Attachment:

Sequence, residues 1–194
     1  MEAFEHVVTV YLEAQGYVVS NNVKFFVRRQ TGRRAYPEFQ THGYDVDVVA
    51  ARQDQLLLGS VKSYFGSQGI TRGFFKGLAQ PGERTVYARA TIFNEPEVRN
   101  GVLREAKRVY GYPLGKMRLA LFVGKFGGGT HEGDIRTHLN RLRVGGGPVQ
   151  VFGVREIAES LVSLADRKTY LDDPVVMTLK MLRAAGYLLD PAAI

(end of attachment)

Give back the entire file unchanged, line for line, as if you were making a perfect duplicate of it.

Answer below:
Sequence, residues 1–194
     1  MEAFEHVVTV YLEAQGYVVS NNVKFFVRRQ TGRRAYPEFQ THGYDVDVVA
    51  ARQDQLLLGS VKSYFGSQGI TRGFFKGLAQ PGERTVYARA TIFNEPEVRN
   101  GVLREAKRVY GYPLGKMRLA LFVGKFGGGT HEGDIRTHLN RLRVGGGPVQ
   151  VFGVREIAES LVSLADRKTY LDDPVVMTLK MLRAAGYLLD PAAI